By Andrea Buenrostro, Courier Staff Writer
Some of the best climbers from around the world come to Everest to test their skills. Unfortunately, many people that go up never come back down. An estimated 200 bodies are still believed to be on Mount Everest. They serve as a reminder to climbers about the risks of Everest. Many of the deceased climbers succumb to the dangerously thin air that can be found at 26,000 feet. At this altitude if one does not have supplemental oxygen with them, they will start dying slowly. The lack of oxygen starts killing the brain and small movements require immense amount of strength.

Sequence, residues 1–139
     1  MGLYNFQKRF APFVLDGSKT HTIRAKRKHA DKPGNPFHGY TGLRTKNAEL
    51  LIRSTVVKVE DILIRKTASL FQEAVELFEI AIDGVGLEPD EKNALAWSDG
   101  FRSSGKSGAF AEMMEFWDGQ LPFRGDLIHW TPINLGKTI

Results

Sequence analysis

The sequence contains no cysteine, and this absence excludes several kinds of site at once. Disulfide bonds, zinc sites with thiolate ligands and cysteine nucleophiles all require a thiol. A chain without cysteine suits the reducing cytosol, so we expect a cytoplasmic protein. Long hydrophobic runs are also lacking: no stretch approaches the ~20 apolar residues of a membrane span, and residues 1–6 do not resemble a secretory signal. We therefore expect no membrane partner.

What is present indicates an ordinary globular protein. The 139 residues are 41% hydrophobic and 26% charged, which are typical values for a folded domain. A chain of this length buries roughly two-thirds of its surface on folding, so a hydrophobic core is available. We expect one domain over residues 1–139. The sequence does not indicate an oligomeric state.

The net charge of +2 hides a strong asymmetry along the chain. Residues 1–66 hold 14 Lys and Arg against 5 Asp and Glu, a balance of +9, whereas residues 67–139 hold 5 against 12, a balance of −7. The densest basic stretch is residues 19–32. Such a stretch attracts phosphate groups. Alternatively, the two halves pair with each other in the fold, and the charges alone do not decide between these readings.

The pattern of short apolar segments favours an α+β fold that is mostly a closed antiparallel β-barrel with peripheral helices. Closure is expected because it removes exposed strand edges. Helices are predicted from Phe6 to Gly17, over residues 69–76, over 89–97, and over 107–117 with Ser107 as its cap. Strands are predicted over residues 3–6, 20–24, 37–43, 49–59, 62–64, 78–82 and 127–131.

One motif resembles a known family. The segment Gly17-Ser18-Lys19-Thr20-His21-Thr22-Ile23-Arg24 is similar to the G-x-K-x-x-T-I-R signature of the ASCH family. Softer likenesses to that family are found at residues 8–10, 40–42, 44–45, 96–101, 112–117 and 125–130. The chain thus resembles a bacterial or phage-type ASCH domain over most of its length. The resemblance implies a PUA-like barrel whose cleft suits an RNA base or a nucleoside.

Luckily Anshu Jamsenpa, a 38-year-old mother of two from Arunachal Pradesh, was able to summit Everest twice. Jamsenpa is a motivational speaker and mountaineering trainer who now holds the women’s record for fastest double ascent of the Earth’s highest peak.
Jamsenpa used Everest’s southeast ridge route and was able to summit twice in five days, luckily she only suffered blisters on her legs. “I got blisters on my legs. I was tired, but then still I thought, ‘No, I must try. I must push.’ I had that confidence in me,” Jamsenpa said in an interview with The Associated Press, “If you try, you can definitely get success.” We can definitely learn a lesson or two from this inspiration and now she has an amazing story to tell her children.
Despite the odds against her, this will be the fifth time that Jamsenpa successfully summits Everest.